UBC Library and Archives

Housing the knowledge of tangata whenua (indigenous people) Morehu, Anahera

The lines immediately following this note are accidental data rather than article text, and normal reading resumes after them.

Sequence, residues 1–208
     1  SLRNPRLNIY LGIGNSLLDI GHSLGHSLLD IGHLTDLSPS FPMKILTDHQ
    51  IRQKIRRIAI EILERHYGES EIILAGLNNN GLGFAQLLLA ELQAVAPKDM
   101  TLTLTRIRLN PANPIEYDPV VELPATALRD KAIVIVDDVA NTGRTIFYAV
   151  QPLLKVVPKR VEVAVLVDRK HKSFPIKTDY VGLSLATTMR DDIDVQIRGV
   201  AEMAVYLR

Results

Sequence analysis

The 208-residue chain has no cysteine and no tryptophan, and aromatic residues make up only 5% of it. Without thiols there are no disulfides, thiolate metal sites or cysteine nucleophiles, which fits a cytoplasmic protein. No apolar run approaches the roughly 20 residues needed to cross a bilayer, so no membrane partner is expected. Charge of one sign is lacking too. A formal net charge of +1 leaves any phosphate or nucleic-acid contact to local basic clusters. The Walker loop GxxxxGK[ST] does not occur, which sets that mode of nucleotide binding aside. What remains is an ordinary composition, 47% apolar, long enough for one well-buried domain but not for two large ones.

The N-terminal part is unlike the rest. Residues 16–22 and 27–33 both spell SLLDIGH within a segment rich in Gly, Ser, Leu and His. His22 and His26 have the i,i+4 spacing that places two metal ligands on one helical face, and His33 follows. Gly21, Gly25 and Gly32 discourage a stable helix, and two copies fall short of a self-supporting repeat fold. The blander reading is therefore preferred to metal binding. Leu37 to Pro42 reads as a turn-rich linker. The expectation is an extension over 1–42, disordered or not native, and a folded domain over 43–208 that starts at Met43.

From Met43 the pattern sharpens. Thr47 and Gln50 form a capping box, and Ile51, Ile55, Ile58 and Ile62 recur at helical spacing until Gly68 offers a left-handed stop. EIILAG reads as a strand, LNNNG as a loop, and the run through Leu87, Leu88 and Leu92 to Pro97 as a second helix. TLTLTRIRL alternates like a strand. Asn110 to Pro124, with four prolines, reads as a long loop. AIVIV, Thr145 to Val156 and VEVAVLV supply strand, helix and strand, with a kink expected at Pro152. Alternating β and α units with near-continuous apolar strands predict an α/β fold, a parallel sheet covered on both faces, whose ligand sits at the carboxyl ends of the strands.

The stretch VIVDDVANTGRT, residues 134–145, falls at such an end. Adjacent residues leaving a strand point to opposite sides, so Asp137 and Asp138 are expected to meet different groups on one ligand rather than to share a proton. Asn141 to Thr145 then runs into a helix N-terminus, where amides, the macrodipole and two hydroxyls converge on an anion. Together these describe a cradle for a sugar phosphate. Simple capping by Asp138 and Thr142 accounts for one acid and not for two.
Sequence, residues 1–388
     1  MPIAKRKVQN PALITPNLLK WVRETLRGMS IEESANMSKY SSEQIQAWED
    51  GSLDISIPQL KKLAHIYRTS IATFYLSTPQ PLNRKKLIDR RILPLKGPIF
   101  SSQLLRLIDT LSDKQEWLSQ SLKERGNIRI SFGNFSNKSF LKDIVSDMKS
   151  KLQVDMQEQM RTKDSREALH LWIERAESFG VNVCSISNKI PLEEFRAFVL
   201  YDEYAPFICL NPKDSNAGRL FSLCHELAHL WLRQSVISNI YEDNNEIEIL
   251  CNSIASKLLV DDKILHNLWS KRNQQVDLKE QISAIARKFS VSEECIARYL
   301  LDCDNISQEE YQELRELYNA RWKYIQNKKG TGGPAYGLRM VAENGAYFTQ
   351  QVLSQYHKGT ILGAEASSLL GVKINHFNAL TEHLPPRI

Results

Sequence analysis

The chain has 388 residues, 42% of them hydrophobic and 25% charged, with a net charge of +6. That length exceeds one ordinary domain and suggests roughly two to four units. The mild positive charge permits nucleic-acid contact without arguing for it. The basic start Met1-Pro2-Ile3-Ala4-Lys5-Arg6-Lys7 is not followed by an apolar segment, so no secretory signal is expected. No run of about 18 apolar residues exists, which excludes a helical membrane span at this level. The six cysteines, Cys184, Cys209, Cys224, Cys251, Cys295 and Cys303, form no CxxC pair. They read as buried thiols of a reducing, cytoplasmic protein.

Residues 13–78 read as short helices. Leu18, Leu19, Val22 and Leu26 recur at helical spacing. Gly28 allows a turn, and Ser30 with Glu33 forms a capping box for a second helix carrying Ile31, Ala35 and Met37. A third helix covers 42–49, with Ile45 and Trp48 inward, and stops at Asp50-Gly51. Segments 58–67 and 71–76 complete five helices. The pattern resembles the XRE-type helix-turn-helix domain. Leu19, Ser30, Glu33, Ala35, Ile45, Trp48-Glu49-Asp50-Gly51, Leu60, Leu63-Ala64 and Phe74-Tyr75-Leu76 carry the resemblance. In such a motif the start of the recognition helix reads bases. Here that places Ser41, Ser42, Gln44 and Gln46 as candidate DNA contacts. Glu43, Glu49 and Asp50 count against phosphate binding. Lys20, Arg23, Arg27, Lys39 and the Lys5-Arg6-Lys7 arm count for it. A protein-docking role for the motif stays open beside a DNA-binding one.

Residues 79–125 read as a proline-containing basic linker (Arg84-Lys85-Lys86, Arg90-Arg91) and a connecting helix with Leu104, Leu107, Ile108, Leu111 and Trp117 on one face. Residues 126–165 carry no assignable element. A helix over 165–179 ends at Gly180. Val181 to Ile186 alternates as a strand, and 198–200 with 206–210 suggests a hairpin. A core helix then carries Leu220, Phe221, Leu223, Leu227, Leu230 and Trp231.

How can the information sector develop guidelines for indigenous materials? When Anahera Morehu started her journey to share the work we do in Aotearoa with the rest of the world, especially pātaka kōrero (storage houses of stories), did she realise that there was a ‘fear’ prevalent on the international scene? The fear was in the form of indigenous traditional knowledge. The largest component to play a role in this ‘fear’ was the unknown, the unkown of what indigenous traditional knowledge is, lack of understanding as to its impact on the indigenous people and the greatest fear “Who are the indigenous people in my area?” Anahera Morehu was pleasantly surprised with the initiative of the International Federation of Library Associations and Institutions (IFLA) who took up the mantle and included indigenous traditional knowledge as a concept to consider for the learning of future information managers. Anahera Morehu realised at this time, there was still a lack of knowledge but it had been brought into a space where the present population of information managers became aware. Therefore, the journey had begun in earnest. As organisations whom house most of the written historical information of tangata whenua (indigenous people), consideration since her early journey has been forming of partnerships or relationships. In these ways are information managers able to discern and create guidelines that support their organisations in coping with the different aspects of what “indigenous traditional knowledge” is. Anahera Morehu hopes to bring a discussion and a few ideas as to how participants are able to implement ways to create guidelines for indigenous traditional knowledge held in your organisations.

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